Earlier this summer, the private operator of Allen Correctional Center began disseminating information, making the formal request earlier this month, that it would opt out of its contract at the end of this month. After some deliberation, the state decided to take over the property, but with a different mission: instead of housing prisoners for their sentences, it will serve as an intake center for recent convicts coming from five large-populated parishes and as an exit station for some prisoners soon to reenter society at the completion of their sentences.
Administration officials said they had considered plans for some time to begin a consolidated intake process, potentially expanding it to other parishes in the future, for inmates without special circumstances and establishing the reentry program for those planning to live in southwest Louisiana. Whether that also could expand in geographic scope remains unclear.
This repackaging has in it a mixture of opportunism and acting in the breach. Officials stated need for these kinds of programs in response to reforms recently enacted backed by Edwards. However, they had looked for space elsewhere, as if they did not anticipate the end of the contract.
The imprisoned population theoretically would decrease as a result of the reforms, meaning that the state could have shed voluntarily then shuttered a private prison contract to save money, yet it seems the state did not consider this, to the consternation of some lawmakers. Instead, the Administration hopes this extra layer of services can lower costs through better placement of incoming convicts and less recidivism by those leaving, although the latter on the surface appears somewhat hastily conceived as if unanticipated space had opened up and the state needed something to do with it.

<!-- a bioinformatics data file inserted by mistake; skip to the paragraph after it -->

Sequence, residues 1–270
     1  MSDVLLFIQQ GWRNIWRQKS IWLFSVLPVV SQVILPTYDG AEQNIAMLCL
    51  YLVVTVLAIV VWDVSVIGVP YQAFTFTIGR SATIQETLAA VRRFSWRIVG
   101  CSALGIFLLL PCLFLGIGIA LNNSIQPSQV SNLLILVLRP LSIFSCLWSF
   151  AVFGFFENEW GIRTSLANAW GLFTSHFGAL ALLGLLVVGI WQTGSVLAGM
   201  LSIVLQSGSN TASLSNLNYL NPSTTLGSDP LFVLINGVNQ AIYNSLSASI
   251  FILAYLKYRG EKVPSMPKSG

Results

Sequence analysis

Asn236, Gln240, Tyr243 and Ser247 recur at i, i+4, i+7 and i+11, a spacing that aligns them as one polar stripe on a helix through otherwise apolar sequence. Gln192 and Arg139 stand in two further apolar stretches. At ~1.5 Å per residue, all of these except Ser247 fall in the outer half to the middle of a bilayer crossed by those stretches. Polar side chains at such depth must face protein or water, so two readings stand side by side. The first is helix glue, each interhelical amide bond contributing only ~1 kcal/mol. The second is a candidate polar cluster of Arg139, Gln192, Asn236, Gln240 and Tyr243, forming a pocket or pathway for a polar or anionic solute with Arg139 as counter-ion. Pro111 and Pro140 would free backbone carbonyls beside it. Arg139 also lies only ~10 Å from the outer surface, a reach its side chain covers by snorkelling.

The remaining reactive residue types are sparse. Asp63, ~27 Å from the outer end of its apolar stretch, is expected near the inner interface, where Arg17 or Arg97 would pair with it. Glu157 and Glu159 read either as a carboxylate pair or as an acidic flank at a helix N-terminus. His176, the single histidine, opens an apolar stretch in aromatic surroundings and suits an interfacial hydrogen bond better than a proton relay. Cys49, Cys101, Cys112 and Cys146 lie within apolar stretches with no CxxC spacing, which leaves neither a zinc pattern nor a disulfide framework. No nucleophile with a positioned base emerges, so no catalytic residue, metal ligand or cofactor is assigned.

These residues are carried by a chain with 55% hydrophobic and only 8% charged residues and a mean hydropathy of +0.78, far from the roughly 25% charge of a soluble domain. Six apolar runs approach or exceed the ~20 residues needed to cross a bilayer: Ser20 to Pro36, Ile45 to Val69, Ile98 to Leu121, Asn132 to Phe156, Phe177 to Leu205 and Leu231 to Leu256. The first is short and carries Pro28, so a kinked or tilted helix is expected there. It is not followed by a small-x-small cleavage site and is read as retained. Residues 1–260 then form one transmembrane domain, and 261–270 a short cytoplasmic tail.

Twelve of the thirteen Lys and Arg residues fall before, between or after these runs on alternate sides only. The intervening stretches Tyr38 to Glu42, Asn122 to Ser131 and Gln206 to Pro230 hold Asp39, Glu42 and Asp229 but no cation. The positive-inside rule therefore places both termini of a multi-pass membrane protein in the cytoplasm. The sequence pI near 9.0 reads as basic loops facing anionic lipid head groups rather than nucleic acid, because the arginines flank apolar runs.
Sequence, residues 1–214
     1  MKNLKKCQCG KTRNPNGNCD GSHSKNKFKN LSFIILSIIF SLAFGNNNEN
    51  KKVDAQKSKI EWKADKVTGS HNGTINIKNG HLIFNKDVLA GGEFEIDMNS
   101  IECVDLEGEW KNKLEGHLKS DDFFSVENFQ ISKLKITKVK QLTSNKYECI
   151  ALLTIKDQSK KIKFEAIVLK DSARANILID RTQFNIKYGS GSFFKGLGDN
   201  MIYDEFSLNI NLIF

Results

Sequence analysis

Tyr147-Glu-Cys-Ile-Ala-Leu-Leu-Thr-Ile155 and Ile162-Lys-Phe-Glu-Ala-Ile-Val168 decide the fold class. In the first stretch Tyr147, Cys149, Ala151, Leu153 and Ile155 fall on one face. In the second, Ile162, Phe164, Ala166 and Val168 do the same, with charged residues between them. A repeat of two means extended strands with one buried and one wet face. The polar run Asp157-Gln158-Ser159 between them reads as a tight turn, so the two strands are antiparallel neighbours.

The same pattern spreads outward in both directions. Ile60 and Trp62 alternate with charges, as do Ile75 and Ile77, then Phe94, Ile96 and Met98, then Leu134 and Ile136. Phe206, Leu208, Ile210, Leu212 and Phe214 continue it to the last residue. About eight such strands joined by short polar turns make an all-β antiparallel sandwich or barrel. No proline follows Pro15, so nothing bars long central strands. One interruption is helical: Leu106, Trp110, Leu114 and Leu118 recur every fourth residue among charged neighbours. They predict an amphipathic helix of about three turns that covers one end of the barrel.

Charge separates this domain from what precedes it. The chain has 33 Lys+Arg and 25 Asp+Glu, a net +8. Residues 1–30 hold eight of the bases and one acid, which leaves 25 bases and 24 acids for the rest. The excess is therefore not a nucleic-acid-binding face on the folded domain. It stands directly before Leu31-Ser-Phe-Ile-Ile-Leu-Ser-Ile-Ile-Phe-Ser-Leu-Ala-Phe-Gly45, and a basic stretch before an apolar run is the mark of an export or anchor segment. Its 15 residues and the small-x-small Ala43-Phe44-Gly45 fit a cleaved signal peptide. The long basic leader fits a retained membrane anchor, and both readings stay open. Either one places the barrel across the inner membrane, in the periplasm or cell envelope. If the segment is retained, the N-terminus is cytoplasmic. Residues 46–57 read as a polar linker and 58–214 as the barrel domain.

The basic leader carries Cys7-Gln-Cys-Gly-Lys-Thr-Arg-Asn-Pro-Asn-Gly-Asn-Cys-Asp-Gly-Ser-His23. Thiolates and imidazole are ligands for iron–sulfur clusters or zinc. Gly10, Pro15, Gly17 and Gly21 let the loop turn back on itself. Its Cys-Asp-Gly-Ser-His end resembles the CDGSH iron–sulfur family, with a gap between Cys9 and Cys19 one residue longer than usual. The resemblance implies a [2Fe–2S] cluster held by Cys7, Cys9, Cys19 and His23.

But if the repurposing of Allen does deliver budgetary savings, Edwards can point to this as a policy victory. However, the latest budgetary news draws attention to something looming that would mark for him a clearly political defeat.
Last week, the Legislature’s staff provided information on projected revenues for fiscal year 2019. Analysts told budget leaders that the sales tax hike's expiration; growth in expenses, including the need to cover costs that have been delayed; and oil projections, have pushed the previously anticipated billion-dollar figure to $1.5 billion.
Some legislators expressed skepticism that the number had to extend that high, pointing out that this included items such as inflationary increases that agencies could absorb. Still, even without what might seem optional expenses, clearly the gap had increased over the estimates staff had provided to legislators during the budget-writing process in the regular and second special sessions earlier this year.
These data will comprise one of the two choices provided to the Revenue Estimating Conference when it next meets, which then will crank out an official estimate of revenues for this and next fiscal year. And this initial signal suggests the REC will lower that amount for FY 2018.
If so, this puts major egg on the face of Edwards and makes the Republican House of Representatives leadership look prescient and better stewards of public dollars. The latter resisted Edwards’ efforts to spend all available money, with it recommending budgeting 1 to 2.5 percent lower precisely because it doubted, given recent history of projections, that all believed revenues would materialize. A few recalcitrant GOP representatives bucked it to get the Edwards budget out of the House, where the Senate Republican leadership forced the plan through over the objections of a vocal minority.
House leaders warned Edwards that he took a reckless path which would mean cuts would have to come later in the year rather than earlier, when these could be made more easily at the front end. It looks as if they may be headed to a big telling him so on this that will make him look less competent as a leader and like an unreformed big spender.